Our heart melts when we see dog photos. Every time we see a dog being taken for a walk, we feel the urge to pet it or give it a belly rub. Thousands of years of conditioning and the history of dogs living with humans have made us adore these furry creatures. And there are so many instances of dogs sacrificing their lives to save their humans. We see them in rescue missions, assisting differently-abled people, helping with therapy, and going to war alongside humans. We know from our core that dogs are our best friends. And they are indeed angelic animals and we certainly don’t deserve them. But sometimes dogs too can go feral. Dogs are descended from predators and they have powerful jaws and sharp canines. If they bite, things can get nasty. And you can never be too careful. The small harmless-looking dog you love petting when you go out for a walk could nip you. A dog may jump the fence and pounce on you when you are passing by. According to The Globe and Mail, 500,000 dog bites are reported every year in Canada. You should know exactly what to do if a dog bites you for the sake of your own health.
Why do dogs bite?Usually, dogs are extremely patient, friendly, and gentle. They get on very well with humans and think of them as families. They are either affable or indifferent to strangers. And once introduced, they can be friends with any human. So why are dog bites on the rise? The friendly playful nature of dogs is a result of training. Raising a puppy to be a good dog is a challenging task and requires great skill and knowledge of dog nature. Most people get it right. A mix of discipline, training, treats, and love will make a friendly dog out of even the most stubborn breeds. Right from their puppyhood, dogs have a habit of biting, albeit playfully. But this instinct needs to be curbed very early on or the dog could grow thinking that baring its teeth and biting is acceptable. Dogs also need to socialize so that they do not consider every random stranger or dog as a threat. Many people do not invest the time and effort to raise their puppies the right way. Some people are downright cruel and withhold food, love, and play from their dogs. Such dogs grow up to be either depressed or aggressive. Biting is also a reaction. When dogs are stressed or scared, they can bite. Children often torment dogs, throw things at them, yank on their tails, and simply irritate them. Some dogs lash out and that is why so many children get bitten every year. People can startle a dog by waking it suddenly or approaching it from behind when it is unwary. This is always a bad idea as being taken unawares can induce a dog to bite. Dogs may also bite if they think their territory is under attack (an old predatorial instinct). If a dog has given birth and she thinks her puppies are in danger, she can bite. Very young dogs nip and bite in play. They still have very little idea how much force to use while nipping and a round of vigorous tug-of-war or wrestling with its human can trigger too much excitement and it might bite harder than it wanted. If a dog is ill or injured, it becomes irritable and if someone intrudes into its personal space, the dog can bite. Even if it is your dog when it is sick or wants to be left alone do not cuddle it too much. Dogs that are not spayed or neutered are more prone to biting. These procedures make dogs less aggressive and less likely to pick a fight with humans or other dogs. If two dogs are fighting and you step in to break up the fight, both dogs will see you as a threat and may bite you.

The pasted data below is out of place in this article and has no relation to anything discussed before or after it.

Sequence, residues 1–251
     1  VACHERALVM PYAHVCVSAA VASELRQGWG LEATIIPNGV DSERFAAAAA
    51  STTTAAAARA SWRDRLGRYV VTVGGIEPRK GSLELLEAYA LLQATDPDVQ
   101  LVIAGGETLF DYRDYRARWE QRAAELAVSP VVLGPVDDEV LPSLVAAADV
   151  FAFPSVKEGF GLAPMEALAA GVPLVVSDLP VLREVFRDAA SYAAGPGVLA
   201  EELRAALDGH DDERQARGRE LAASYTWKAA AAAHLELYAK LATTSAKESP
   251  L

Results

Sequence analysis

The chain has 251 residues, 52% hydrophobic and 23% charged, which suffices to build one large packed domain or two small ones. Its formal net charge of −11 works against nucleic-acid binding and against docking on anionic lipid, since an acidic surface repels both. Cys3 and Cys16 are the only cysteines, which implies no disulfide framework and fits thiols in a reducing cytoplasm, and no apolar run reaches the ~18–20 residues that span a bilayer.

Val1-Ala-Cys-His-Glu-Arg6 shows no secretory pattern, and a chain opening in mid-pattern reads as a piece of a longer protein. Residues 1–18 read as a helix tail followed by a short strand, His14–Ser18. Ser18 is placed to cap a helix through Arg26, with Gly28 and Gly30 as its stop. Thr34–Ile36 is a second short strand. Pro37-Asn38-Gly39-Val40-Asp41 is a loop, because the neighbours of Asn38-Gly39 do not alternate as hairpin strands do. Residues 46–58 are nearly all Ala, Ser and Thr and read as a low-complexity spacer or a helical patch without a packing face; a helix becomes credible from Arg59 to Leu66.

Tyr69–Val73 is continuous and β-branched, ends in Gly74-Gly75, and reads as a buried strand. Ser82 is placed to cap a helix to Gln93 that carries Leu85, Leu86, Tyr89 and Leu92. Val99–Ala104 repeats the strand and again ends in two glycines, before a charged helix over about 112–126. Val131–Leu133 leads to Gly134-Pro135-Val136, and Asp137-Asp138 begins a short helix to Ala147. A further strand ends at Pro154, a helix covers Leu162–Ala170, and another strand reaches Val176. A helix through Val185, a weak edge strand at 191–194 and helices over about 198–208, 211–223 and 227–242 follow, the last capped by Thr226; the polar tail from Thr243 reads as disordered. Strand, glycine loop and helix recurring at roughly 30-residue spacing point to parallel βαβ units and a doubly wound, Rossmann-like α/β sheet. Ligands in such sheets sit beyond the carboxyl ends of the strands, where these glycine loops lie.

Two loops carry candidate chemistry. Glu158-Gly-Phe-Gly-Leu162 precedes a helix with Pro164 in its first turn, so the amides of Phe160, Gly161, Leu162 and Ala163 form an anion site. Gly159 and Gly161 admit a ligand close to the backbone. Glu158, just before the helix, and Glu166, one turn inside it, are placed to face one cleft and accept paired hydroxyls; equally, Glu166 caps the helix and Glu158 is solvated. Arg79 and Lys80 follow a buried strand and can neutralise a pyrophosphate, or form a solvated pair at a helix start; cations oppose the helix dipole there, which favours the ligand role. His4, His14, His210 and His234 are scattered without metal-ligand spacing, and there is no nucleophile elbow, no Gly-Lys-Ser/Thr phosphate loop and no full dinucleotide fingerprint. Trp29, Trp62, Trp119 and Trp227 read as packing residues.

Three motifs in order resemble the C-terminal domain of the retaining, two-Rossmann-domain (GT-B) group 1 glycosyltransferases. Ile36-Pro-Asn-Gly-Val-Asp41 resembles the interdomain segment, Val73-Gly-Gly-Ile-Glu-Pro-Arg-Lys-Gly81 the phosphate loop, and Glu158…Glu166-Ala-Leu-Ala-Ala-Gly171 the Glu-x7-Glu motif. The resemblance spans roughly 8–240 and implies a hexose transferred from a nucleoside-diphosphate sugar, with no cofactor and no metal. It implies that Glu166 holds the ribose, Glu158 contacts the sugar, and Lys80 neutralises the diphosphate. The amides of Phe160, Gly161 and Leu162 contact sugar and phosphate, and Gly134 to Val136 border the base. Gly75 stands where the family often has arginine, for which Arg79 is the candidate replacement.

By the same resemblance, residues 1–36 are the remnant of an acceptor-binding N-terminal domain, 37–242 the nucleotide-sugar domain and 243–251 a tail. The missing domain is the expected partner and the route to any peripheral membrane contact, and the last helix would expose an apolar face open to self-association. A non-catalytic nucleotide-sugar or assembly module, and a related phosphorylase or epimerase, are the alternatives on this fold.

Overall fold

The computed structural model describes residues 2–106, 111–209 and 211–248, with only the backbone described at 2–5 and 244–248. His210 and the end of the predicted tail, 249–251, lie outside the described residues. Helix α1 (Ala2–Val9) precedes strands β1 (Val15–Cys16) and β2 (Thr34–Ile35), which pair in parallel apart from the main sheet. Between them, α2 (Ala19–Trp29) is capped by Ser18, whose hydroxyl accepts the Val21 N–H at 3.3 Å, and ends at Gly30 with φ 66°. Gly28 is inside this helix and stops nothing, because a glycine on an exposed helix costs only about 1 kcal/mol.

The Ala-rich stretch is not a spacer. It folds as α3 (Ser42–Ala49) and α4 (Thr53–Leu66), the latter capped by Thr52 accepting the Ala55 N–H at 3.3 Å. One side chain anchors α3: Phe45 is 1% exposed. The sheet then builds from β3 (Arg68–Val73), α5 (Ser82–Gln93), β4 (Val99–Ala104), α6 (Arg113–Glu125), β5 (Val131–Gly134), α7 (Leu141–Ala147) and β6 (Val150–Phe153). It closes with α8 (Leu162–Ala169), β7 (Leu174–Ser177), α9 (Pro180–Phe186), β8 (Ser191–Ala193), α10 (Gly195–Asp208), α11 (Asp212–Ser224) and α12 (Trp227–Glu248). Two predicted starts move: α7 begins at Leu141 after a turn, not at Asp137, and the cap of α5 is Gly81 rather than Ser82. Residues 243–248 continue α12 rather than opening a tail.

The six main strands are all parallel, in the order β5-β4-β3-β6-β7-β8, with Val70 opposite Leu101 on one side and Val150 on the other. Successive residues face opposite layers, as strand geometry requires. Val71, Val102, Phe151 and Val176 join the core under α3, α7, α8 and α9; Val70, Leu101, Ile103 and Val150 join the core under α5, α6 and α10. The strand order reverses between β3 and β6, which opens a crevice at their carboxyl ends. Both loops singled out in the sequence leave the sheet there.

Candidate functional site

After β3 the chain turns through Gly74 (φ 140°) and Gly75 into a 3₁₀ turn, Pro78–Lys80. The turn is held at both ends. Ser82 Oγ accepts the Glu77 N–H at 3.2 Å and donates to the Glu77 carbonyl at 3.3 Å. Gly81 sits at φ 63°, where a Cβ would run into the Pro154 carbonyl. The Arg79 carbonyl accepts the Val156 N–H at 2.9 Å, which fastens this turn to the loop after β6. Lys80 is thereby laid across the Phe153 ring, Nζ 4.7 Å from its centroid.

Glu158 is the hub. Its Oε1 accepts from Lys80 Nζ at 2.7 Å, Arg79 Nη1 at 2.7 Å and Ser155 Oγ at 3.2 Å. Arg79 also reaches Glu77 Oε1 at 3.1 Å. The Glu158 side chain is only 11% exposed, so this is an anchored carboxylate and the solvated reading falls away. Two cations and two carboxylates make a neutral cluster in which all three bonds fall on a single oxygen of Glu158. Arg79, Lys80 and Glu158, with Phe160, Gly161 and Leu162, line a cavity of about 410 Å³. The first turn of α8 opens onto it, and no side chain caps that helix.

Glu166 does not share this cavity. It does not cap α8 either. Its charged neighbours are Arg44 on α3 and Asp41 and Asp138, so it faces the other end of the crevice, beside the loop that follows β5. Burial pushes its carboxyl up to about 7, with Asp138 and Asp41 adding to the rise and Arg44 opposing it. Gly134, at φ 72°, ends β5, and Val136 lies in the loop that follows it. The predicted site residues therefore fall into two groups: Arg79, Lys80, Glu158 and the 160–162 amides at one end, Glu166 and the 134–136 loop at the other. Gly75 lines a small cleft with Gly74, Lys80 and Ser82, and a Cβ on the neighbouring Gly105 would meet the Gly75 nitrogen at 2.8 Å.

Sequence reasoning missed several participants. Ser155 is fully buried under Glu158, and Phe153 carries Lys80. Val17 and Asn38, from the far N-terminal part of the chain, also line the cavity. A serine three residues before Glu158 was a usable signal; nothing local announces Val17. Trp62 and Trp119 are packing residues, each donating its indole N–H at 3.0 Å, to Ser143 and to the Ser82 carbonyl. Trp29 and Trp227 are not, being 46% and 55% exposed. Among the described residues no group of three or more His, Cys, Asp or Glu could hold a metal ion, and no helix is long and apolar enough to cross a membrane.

What should you do if you are bitten?Unwittingly, you may provoke a dog. And you may be bitten. Here is what you must do-
- Fight off the dog with your umbrella, bag, a branch, anything it takes to scare the dog away or you can call for help.
- If the wound is bleeding, staunch the flow with a clean handkerchief.
- Go home right away and clean the wound of dog saliva, dirt, and debris under running water with plenty of soap.
- Examine the wound, if it is a superficial wound, apply antiseptic powder or lotion and bandage it. Change the bandaging every day and observe how well the wound is healing. Antibiotic ointment or powder will prevent an infection from setting in.
- If the wound doesn’t stop bleeding within the hour, go to the hospital immediately because you need a few stitches to patch up the wound. You may also need antibiotics injections or intravenous antibiotics.
- Whether your wound is insignificant or severe, you have to talk to your doctor. The doctor will take a look at the wound. Even if the skin was barely broken, your doctor may see signs of infection and prescribe medicines accordingly.
- Do you know if the dog was vaccinated? If you don’t, your doctor will advise you on whether you need post-exposure prophylaxis to prevent rabies. If you are familiar with the dog’s owner, enquire if the dog has been administered all the necessary vaccines. You might also need an anti-tetanus booster shot if your vaccination schedule isn’t up to date.